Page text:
The Bittersweet Emerald

The westside rival game made the Emerald City louder than ever. The number “12” was found on every other storefront, car, clothing and occasionally, even someone’s face. And as if the message wasn’t clear enough, there was always a random pedestrian that would yell “SEA!” and a crowd to respond with the second half of the team name.

Christopher and I did our best to weave around these green and blue fanatics more than usual on Sunday, not only because of our Bay Area pride, but because it was our very last day. Thus, we spent Sunday exploring the artsier part of Seattle (while discreetly checking the scores on our phone).

The first half of our day took place in Capitol Hill— a district paralleling to San Francisco’s Castro in terms of aesthetics, mom and pop shop restaurants, and the friendly and open personalities.

We started off with brunch at the Wandering Goose. If I was allowed only one restaurant to recommend to you, it would be this one, especially if you love chai lattes and chicken and biscuits. It sounds weird, but trust me, it works.


Here, we ran into a new friend named Michael, the owner of an ice cream shop called LICK Pure Cream. He moved to Seattle from Santa Monica, so as a fellow Californian, he excitedly welcomed us to the new city and gave us a long list of his favorite restaurants ranging from entrees to desserts.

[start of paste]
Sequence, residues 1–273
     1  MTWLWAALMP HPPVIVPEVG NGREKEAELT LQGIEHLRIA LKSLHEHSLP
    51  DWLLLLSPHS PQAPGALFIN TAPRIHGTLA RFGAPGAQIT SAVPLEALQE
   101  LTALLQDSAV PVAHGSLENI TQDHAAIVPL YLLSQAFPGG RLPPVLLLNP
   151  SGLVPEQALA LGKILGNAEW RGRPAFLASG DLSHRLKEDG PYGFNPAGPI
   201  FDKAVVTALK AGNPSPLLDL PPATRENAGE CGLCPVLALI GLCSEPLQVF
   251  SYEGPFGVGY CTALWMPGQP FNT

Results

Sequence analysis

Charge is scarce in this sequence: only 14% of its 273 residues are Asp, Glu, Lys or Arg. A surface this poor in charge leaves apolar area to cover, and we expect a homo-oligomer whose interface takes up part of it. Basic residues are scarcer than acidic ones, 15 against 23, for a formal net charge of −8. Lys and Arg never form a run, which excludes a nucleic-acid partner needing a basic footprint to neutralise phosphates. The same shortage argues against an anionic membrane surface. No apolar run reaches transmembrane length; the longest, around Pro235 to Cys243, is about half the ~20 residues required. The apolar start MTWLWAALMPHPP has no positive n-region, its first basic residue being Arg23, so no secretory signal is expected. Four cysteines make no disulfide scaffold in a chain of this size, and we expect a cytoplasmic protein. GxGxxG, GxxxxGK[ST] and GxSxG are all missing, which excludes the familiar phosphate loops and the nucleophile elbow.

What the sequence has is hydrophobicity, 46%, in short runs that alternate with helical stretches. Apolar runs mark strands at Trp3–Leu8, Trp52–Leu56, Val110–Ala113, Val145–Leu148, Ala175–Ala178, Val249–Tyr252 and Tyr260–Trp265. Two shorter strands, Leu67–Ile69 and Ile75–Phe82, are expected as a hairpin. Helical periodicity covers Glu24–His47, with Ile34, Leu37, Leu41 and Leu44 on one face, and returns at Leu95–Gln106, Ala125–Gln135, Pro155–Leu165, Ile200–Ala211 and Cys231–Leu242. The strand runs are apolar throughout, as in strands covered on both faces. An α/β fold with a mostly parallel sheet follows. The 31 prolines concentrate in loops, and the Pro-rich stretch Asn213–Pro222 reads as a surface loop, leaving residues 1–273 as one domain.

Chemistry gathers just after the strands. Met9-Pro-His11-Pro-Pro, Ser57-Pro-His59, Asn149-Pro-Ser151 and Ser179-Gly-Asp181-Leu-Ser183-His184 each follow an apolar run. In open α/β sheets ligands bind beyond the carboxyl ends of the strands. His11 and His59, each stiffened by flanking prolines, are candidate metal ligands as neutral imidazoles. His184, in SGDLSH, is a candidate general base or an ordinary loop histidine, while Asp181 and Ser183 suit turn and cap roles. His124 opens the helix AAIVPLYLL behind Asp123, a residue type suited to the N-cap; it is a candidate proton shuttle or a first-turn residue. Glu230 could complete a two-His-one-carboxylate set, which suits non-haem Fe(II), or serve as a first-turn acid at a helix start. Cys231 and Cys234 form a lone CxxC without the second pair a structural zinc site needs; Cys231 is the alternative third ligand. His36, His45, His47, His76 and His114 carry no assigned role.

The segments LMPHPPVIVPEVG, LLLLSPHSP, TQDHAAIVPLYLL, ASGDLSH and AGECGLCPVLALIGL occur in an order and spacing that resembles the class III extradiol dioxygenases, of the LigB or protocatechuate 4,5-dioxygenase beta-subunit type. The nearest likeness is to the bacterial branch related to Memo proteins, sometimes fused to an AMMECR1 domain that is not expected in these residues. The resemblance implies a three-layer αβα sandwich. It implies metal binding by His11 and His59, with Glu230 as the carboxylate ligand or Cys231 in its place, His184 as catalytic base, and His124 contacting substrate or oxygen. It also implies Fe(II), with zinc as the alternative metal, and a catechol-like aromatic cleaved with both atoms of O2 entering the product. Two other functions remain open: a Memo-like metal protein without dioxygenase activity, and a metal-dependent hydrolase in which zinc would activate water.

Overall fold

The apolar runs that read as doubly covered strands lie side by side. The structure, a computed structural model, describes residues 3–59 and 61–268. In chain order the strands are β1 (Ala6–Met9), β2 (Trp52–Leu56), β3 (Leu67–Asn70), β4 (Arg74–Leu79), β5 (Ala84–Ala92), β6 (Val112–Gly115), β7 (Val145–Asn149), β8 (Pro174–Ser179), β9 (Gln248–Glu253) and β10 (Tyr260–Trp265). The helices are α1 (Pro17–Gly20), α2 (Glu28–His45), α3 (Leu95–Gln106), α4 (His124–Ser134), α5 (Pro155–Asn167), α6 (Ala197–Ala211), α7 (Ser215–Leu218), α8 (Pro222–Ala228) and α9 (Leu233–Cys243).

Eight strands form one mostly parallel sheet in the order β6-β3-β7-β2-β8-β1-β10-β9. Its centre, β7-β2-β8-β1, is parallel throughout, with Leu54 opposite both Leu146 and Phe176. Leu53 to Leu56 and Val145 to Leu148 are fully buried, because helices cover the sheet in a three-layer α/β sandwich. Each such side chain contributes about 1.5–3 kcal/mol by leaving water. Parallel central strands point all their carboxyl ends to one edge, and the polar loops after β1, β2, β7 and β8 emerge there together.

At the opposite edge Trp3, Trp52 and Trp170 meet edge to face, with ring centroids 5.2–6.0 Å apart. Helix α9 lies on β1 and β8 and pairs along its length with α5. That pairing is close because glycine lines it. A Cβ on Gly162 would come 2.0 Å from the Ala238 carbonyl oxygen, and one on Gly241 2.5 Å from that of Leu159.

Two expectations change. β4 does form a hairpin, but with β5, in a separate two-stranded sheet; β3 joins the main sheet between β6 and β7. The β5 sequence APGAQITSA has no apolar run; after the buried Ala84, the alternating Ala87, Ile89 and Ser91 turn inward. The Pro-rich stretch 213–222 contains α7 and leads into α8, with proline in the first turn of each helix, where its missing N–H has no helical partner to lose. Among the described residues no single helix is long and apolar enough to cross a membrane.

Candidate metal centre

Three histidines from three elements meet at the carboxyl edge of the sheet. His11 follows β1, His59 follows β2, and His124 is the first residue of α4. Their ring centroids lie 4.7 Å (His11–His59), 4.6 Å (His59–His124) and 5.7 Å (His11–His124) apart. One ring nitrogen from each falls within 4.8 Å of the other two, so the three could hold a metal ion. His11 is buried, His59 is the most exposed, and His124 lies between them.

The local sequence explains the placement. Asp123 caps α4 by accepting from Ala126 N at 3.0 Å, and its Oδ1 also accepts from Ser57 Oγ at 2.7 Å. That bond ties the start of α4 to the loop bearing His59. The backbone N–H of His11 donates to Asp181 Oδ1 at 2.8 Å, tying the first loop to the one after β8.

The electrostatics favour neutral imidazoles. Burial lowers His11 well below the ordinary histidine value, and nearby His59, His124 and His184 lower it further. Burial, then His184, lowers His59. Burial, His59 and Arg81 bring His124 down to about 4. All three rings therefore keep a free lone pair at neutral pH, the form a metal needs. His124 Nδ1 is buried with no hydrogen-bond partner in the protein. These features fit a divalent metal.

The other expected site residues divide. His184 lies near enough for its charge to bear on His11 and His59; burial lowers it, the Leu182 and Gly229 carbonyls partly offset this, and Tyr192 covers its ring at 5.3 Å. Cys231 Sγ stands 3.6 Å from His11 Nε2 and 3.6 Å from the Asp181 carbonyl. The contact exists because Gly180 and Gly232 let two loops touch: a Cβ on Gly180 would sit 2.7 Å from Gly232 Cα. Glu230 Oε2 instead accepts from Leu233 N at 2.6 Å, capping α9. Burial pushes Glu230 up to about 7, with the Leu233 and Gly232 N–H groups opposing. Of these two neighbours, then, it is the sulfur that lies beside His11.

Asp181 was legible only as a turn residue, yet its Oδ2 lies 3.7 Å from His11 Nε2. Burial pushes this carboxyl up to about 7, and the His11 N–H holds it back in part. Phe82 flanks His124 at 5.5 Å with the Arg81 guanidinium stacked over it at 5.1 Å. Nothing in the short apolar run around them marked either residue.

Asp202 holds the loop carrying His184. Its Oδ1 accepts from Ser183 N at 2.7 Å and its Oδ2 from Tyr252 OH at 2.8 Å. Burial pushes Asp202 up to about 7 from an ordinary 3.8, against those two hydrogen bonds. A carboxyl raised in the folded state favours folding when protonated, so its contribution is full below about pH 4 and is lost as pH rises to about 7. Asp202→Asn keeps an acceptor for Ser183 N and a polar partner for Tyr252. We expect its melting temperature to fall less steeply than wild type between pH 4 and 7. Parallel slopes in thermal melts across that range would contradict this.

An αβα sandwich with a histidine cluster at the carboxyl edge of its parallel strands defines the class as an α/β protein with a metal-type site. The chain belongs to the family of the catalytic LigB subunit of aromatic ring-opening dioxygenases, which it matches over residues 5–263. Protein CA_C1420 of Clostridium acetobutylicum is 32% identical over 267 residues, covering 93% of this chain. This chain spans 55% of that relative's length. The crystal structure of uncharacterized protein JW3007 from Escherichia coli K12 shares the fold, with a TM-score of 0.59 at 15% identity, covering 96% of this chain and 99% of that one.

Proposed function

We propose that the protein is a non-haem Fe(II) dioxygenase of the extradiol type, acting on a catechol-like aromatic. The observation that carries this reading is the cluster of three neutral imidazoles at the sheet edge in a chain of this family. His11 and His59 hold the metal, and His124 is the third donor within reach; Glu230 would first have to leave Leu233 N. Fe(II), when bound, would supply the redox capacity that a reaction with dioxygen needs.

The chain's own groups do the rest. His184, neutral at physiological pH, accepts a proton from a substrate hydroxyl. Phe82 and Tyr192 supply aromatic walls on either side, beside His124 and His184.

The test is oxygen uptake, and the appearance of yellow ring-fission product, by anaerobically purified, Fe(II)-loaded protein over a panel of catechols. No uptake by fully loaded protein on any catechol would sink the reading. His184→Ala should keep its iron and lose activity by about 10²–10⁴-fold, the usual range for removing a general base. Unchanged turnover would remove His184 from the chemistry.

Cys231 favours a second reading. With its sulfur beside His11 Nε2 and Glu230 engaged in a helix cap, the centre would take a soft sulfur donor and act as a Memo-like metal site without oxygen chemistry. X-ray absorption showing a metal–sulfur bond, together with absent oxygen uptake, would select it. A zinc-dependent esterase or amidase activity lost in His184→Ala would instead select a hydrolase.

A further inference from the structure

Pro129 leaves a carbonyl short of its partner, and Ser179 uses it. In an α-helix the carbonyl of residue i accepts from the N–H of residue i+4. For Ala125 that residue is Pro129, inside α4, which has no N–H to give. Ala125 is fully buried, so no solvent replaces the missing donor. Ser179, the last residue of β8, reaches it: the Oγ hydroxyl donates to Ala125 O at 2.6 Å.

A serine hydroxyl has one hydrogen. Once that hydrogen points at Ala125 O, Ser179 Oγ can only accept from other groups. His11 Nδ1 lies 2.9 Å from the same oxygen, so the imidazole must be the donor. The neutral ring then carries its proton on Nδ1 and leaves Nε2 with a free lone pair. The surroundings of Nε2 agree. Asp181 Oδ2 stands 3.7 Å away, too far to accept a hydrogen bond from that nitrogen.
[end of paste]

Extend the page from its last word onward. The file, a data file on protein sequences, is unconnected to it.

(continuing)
After breakfast, our Capitol Hill adventure included a visit to Bruce and Brandon Lee’s graves, a Star Wars exhibit in the Ltd. Art Gallery, Stussy Seattle, and Michael’s ice cream shop.



My favorite pieces from the Ltd. Star Wars exhibit

I got a scoop of the fudge butter toffee brownie– a creamy and the right amount of sweet combo– from LICK’s. Thanks a ton, Michael, for hooking it up!

We then headed to the Queen Anne district specifically for two buildings: the Chihuly Garden and Glass Museum and, of course, the Space Needle.

Shout out to DJ Rox the Beat for recommending the Chihuly— this has to be one of the most photogenic museums I ever visited. Dale Chihuly is a glass sculptor whose large-scale installations turned each room of the museum into dreamlike worlds.

The first room was inspired by Native American culture and art



Chihuly’s seaworld

We arrived at the Space Needle with good timing. Our night at the top of the city faced no crowds, only a perfect view. At that moment, despite the loud blasts of the Seahawks, the Emerald City felt peaceful. However, after coming down the 520 feet tower, we received the game’s end results. And suddenly, the Emerald became bittersweet.

Until next time, Seattle!

– ChiChai@Empire

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